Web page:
Can you cast a function pointer of this type:
void (*one)(int a)
to one of this type:
void (*two)(int a, int b)
and then safely invoke the pointed-to function with the additional arguments(s) it has been cast to take? I had thought such a thing was illegal, that both function types had to be compatible. (Meaning the same prototype--same return value, same parameter list.) But that is exactly what this bit of GTK+ code appears to be doing (taken from here):
g_signal_connect_swapped(G_OBJECT(button), "clicked", G_CALLBACK(gtk_widget_destroy), G_OBJECT(window));
If you look up the "clicked" signal (or just look at other examples of its use from the first link), you will see that its handlers are expected to be declared like this:
void user_function(GtkButton *button, gpointer user_data);
When you register a handler via g_signal_connect_swapped(), the widget pointer and data pointer arguments are swapped in order, thus, the declaration should look like this instead:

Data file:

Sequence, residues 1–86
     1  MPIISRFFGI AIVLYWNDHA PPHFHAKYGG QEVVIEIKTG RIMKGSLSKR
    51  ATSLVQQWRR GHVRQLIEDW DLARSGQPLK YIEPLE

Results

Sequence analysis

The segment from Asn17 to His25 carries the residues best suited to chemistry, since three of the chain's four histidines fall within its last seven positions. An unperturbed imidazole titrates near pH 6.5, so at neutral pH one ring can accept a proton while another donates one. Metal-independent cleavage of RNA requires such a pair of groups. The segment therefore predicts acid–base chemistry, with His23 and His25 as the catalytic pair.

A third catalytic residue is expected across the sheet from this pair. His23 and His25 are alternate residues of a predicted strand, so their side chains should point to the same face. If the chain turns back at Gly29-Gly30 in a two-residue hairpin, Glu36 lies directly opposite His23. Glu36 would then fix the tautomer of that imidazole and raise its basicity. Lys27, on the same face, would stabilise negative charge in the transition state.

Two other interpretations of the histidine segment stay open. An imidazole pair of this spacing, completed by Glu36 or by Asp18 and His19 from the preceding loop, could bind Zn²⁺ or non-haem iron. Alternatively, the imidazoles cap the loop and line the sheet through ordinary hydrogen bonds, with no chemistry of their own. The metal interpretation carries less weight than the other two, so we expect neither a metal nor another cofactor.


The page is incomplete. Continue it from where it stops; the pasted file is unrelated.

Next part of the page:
void user_function(gpointer user_data, GtkButton *button);
Here is the problem. The gtk_widget_destroy() function registered as a callback is prototyped like this:
void gtk_widget_destroy(GtkWidget *widget);
to take only a single argument. Presumably, because the data pointer (a GtkWindow) and the pointer to the signaling widget (a GtkButton) are swapped, the sole argument it receives will be the window pointer, and the button pointer, which will be passed after, will silently be ignored. Some Googling has turned up similar examples, even the registering of functions like gtk_main_quit() that take no arguments at all.
Am I correct in believing this to be a standards violation? Have the GTK+ developers found some legal magic to make this all work?